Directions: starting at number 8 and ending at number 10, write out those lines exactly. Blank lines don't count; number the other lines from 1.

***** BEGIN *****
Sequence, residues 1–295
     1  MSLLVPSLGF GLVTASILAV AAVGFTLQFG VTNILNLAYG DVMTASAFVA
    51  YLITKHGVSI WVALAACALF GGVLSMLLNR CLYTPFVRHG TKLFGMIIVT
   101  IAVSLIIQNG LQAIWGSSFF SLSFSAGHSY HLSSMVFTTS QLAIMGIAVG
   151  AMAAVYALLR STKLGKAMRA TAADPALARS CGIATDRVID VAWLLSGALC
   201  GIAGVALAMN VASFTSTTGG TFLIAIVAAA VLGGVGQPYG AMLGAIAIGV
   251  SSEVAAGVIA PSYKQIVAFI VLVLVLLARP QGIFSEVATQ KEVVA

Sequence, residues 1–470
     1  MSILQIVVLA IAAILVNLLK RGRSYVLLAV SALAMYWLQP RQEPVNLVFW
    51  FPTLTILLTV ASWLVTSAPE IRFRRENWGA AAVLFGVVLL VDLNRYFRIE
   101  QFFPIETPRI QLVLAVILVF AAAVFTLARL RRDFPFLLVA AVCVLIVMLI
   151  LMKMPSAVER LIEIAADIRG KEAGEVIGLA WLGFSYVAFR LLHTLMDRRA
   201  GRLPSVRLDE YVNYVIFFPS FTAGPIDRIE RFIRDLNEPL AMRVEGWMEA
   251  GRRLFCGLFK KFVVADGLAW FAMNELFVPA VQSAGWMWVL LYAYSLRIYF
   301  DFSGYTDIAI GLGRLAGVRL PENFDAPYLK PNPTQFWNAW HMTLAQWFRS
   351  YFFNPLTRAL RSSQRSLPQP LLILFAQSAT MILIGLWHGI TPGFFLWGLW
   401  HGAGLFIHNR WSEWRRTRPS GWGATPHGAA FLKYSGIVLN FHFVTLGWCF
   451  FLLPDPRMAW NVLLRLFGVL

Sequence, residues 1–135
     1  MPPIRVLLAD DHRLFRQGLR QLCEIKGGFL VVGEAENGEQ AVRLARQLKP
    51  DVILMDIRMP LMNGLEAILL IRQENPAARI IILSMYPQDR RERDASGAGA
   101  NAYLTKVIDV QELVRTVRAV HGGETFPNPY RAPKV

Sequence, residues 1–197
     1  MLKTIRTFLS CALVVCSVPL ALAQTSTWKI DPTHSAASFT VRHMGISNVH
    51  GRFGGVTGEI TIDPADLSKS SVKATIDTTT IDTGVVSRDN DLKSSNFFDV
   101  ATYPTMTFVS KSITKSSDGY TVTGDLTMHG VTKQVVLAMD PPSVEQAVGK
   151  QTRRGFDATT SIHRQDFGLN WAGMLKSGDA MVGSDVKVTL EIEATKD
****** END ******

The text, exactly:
Sequence, residues 1–470
     1  MSILQIVVLA IAAILVNLLK RGRSYVLLAV SALAMYWLQP RQEPVNLVFW
    51  FPTLTILLTV ASWLVTSAPE IRFRRENWGA AAVLFGVVLL VDLNRYFRIE